“March” (5) condenses to one tiny image: “Bird feeder’s / snow-cap / sliding / off” and has the minuteness of Basho’s haikus and a particular sense of place/time: in a particular band of latitude, snow melts in March and glides off a bird feeder’s triangular or domed roof. There’s a sensibility of a place where, in March, there may be snow or thaw, and it may snow or thaw again. Also the snow cap reminds me of the black-capped chickadee, year-round resident of Wisconsin and a bird likely to eat at a feeder.


“Something in the water” (6) might be my favorite poem here. It’s short: “Something in the water / like a flower / will devour / / water / / flower” The beginning word, “something,” opens a mystery that the poem doesn’t solve, but complicates like a koan. There’s a little rhyme in “flower / devour.” Does something devour the flower or does the flower devour water? The final two words create an almost endless cycle of wonder: one imagines the flower in a vase of water sucking up the water (capillary movement), or flowers in water (irises, lilies) or water (as a verb) demanding to water the flowers, or the idea that water and flower are made of each other, water-becoming-flower, flower-becoming-water. (“All one in the end-- / water”)


“Frog noise” (9) again Basho-like (“old pond / frog jumps in / splash”), “Frog noise / suddenly stops / / Listen! / They turned off / their lights” -- besides the ultra-condensation and sense of place this gives me -- and note, it’s warmed up, there are no frogs in thaw-March, it must be later in the Spring or Summer -- the facsimile here gives motion as Niedecker’s handwriting on “off” and “lights” blurs into what look like dashes, reminding me also of Dickinson (her frog poem, obviously, unavoidable).


“In the transcendence” (11), in two stanzas, first discusses reading Basho, then breaks into a Basho-like poem, indeed so Basho-like that I’m not sure if it’s a translation of Basho or Niedecker’s own work: “I lay down / with brilliance / I saw a star whistle / across the sky / before dropping off” with the ambiguity of whether it’s the star or the subject dropping off (both). I would think this was definitely Niedecker, but “what happens in the sky at night” is a common theme in haiku but not in Niedecker’s work. Of course, could just be Niedecker feeling inspired by Basho (“Reading Basho in Wisconsin,” as it were).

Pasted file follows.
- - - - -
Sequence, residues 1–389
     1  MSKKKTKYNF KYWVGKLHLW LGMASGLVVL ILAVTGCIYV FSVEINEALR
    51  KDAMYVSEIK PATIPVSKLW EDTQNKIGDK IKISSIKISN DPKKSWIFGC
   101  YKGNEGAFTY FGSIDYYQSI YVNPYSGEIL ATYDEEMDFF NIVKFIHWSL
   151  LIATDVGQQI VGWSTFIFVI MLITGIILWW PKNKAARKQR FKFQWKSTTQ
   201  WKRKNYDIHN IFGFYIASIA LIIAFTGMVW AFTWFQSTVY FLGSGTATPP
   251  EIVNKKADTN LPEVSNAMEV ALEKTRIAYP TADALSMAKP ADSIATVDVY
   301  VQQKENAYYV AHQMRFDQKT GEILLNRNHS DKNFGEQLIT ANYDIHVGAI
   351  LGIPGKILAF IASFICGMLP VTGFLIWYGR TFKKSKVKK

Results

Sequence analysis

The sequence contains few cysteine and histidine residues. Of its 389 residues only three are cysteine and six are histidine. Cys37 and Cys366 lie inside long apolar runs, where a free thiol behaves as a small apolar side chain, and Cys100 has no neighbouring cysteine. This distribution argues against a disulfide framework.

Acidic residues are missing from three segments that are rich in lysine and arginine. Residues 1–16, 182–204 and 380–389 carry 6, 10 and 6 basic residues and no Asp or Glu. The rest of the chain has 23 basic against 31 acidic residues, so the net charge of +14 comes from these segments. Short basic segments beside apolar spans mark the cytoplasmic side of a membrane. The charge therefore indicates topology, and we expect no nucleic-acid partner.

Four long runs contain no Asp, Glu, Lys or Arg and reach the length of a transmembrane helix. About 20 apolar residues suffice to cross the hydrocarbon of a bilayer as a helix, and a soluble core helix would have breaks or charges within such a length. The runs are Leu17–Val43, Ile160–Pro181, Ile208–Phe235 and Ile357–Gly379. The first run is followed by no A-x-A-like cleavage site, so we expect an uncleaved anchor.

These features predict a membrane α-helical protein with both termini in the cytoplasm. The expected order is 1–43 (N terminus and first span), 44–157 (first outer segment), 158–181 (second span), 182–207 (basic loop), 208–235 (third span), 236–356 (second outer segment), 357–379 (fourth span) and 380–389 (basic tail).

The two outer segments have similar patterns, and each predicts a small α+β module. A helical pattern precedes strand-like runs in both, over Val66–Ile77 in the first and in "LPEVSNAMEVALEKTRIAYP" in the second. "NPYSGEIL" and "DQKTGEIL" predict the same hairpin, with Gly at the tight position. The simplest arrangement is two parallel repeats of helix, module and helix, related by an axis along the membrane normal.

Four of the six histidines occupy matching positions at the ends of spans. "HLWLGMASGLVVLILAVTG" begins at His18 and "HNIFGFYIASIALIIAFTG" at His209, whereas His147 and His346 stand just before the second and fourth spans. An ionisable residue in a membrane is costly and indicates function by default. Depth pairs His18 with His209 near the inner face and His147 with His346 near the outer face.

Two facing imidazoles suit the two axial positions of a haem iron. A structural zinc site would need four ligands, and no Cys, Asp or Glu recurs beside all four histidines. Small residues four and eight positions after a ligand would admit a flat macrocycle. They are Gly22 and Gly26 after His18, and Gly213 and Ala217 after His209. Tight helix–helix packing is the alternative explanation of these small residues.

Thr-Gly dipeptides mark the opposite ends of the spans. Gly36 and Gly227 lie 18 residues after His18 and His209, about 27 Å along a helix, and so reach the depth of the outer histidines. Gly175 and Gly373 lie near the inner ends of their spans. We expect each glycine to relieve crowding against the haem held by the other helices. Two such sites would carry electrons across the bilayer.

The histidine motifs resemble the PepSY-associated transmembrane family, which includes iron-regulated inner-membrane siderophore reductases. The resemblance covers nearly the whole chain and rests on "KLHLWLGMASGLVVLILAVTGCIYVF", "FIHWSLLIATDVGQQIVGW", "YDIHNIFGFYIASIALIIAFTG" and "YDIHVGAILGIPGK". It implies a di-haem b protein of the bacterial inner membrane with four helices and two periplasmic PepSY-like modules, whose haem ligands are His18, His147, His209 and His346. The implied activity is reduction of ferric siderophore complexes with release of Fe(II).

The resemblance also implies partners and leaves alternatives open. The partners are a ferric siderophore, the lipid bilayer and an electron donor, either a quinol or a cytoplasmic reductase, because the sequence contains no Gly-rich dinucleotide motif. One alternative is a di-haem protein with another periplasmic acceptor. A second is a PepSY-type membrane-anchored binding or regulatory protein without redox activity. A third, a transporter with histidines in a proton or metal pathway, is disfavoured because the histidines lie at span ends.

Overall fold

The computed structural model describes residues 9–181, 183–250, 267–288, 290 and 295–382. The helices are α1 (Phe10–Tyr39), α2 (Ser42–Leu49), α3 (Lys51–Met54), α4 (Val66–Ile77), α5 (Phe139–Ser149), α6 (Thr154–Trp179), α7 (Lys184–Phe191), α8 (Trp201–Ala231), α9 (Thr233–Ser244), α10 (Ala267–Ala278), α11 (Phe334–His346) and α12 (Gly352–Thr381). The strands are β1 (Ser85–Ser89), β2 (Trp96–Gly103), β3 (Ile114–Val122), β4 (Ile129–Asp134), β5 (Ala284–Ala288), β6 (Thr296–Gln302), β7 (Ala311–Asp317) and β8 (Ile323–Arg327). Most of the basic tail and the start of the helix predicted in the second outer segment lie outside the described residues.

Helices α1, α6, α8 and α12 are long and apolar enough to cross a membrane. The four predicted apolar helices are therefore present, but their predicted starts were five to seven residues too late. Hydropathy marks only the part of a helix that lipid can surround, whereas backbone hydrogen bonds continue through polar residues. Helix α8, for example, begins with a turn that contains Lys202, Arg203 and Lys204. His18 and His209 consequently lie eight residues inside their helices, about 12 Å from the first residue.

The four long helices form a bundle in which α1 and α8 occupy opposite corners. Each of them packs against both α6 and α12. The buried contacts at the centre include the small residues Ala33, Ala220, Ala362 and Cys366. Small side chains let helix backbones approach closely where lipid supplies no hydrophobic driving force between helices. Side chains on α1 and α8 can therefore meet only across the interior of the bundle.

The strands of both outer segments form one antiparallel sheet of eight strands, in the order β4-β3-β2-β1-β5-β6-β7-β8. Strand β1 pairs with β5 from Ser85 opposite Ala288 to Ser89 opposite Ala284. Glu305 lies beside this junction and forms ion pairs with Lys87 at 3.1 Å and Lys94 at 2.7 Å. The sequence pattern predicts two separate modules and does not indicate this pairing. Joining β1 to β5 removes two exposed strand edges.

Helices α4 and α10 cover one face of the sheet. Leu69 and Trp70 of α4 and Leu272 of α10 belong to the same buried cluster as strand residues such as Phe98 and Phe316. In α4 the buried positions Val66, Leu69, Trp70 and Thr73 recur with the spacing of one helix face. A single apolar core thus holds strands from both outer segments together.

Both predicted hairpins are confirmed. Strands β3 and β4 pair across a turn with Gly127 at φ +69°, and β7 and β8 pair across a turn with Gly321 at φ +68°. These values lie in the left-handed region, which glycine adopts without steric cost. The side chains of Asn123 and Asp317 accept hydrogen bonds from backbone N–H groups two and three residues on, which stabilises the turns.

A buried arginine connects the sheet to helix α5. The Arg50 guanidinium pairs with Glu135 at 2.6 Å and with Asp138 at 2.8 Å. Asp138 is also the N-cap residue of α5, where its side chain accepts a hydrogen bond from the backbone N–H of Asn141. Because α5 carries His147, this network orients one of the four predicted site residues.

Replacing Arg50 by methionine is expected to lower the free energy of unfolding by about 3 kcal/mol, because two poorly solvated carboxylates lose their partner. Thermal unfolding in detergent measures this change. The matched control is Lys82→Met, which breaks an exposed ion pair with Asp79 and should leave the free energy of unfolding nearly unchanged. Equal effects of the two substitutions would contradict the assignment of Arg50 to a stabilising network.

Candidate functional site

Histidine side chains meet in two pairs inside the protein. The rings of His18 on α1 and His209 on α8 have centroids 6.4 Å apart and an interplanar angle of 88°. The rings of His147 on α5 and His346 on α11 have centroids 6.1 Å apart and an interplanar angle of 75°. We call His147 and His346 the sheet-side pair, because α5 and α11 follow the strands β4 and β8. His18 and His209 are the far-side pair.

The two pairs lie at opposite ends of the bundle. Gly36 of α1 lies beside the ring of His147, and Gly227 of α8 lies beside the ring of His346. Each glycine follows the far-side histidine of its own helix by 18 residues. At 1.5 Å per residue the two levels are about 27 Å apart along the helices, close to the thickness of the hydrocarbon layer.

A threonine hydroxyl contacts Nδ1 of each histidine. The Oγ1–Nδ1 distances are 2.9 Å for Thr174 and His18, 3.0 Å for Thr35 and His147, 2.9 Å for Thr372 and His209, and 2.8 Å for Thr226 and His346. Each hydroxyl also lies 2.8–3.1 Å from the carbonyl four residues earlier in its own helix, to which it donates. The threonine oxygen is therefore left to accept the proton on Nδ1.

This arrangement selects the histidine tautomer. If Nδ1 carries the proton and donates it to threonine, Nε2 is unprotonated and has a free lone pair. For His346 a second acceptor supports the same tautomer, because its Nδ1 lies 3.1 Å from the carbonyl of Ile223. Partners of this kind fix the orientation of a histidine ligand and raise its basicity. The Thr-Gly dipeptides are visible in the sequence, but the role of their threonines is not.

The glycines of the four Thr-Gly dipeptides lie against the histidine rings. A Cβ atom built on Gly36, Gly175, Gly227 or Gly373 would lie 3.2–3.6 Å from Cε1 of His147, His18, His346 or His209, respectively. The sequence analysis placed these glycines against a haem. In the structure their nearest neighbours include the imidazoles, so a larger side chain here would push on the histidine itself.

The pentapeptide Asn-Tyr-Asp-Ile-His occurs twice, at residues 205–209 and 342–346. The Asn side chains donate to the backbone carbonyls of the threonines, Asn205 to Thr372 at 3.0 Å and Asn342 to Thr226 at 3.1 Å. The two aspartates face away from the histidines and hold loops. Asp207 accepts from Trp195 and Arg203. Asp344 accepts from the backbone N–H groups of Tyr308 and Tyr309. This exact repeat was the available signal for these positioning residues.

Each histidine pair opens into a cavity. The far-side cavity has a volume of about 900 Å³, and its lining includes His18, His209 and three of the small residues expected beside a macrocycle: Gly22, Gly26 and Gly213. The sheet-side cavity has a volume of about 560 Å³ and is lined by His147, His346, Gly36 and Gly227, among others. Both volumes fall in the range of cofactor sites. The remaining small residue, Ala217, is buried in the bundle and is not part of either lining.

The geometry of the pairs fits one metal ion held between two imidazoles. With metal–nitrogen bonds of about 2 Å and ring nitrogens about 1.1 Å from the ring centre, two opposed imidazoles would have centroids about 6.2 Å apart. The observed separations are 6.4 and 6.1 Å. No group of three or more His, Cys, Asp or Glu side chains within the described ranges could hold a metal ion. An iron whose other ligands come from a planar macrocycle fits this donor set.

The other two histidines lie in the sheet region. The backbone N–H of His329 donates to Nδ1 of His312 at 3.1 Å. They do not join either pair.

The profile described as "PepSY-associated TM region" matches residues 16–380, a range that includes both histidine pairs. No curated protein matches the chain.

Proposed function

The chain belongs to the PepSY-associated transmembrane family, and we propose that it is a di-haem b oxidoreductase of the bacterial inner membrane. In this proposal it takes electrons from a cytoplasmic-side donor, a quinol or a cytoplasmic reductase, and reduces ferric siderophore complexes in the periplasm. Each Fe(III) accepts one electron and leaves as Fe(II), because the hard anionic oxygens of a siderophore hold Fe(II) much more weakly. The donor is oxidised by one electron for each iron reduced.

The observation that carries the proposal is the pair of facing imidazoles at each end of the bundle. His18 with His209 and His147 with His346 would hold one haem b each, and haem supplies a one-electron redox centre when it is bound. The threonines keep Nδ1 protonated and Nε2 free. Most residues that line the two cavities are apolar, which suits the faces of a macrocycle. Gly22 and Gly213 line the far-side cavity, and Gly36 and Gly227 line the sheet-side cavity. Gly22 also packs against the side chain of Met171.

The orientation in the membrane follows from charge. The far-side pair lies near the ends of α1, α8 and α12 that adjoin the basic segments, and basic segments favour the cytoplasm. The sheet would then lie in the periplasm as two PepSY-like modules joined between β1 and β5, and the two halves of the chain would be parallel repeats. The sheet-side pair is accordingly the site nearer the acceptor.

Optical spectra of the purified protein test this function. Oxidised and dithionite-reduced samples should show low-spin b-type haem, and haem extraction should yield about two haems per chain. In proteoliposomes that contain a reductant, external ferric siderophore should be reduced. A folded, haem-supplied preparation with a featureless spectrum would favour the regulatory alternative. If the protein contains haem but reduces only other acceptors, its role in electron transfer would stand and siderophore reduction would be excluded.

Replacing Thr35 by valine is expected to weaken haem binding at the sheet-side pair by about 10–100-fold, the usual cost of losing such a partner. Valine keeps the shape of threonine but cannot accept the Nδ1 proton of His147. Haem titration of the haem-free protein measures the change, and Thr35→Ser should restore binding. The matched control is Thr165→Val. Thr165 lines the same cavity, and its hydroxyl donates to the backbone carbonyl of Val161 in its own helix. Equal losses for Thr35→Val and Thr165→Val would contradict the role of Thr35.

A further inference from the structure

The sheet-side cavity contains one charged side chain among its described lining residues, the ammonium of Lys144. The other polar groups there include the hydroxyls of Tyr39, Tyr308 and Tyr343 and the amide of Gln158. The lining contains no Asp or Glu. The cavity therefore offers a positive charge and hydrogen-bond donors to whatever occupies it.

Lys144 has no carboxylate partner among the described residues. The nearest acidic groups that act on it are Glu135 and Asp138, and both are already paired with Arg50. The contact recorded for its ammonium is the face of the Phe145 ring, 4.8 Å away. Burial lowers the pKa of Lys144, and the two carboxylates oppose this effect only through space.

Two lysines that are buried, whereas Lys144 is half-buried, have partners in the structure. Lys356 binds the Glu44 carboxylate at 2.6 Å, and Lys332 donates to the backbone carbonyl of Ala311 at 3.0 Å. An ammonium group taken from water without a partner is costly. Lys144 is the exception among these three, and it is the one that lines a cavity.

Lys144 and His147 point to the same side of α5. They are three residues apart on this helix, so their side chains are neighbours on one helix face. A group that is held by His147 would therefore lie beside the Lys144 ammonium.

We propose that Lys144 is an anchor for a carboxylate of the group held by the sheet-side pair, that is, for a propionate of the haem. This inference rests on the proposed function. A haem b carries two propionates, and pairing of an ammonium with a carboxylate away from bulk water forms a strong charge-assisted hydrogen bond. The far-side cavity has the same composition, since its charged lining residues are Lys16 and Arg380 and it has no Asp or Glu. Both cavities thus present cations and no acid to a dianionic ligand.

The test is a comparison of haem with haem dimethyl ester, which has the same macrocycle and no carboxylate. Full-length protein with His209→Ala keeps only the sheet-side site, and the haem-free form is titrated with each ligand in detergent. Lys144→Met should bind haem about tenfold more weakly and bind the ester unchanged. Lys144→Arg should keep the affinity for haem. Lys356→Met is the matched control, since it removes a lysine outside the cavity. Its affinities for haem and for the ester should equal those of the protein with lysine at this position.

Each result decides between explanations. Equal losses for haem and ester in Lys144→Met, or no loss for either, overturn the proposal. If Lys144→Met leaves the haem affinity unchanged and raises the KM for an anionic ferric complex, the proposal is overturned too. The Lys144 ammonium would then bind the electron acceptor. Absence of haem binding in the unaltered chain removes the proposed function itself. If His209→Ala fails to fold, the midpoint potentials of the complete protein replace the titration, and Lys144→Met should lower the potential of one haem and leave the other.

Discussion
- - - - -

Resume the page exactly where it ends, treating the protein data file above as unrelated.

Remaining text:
“Margaret Fuller” (13) -- is this the visitor from Boston mentioned in “Santayana’s” (7)? In that poem, Niedecker’s like, “yeah I don’t interact with ‘all the right people’ but I do know what I’m doing, geez,” and it’s funny, because she is interacting with all the right people, Zukofsky, Corman, Williams, Finlay! But not in person, in real life. It’s funny, because the San Francisco Renaissance and New York School poets famously inscribe each other into their poems, but Niedecker’s doing this too, as if to say, “God, they don’t have a patent on it. We know what we’re doing even if we’re living in the backwoods.” From Harkey’s Afterword, p. 68: “By committing herself so consummately to a life of poetry on her own terms -- choosing to root herself firmly in and around Black Hawk Island and Fort Atkinson and choosing not to pursue a poetic career in the same public places and manners chosen by many of her contenporaries-- Lorine Niedecker produced one of the most singular, intricate, and forceful bodies of poetry in the twentieth-century.  Her poetry has been characterized as objectivist, imagist, folk, modernist, inward, outward, poignant, unsentimental, concrete, abstract, precise, cryptic, realist, and surrealist.”


The final two poems, resonating with the aforementioned spirit of Basho, are perfect to my ear:


(25) Syllable count: 3-5-3-2-3-3 (19) (almost the same as a haiku, 5-7-5), repetition of t/th, “oo,” “f” and “or” sounds:

For best work

you ought to put forth

some effort

to stand

in north woods

among birch

The sonic field and syllable count are so tiny/limited, and then there’s the command “to stand” “among birch” (like birches are in a “stand”). The “or” shifts so slightly into “ir” in “birch.”



The radio talk this morning

was of obliterating

the world


I notice fruit flies rise

from the rind

of the recommended


Reminds me of the Lucille Clifton poem about the cockroaches. I love “the recommended / melon.” Honestly, how often is the media talk not about the end of the world, directly or indirectly? In that second stanza, “fr” “fl” “ri” “ri” “re” “me” consonance and assonance condensing the poetic elements into 17-17 (two haiku) syllables.


Although Niedecker’s Homemade Poems are available in the indispensable Collected Works (ed. Jenny Penberthy), this facsimile edition and the included commentary by John Harkey should be acquired by Niedecker scholars, fans, and the libraries that serve them. Seeing how Niedecker writes, how she literally “puts together” the poems in her handwriting, with their almost Dickinsonian elongated dash-letters, reveals her visual imagination. Harkey’s sensitive analysis will be a classic element of any Niedecker scholar’s knowledge of her work and related scholarship.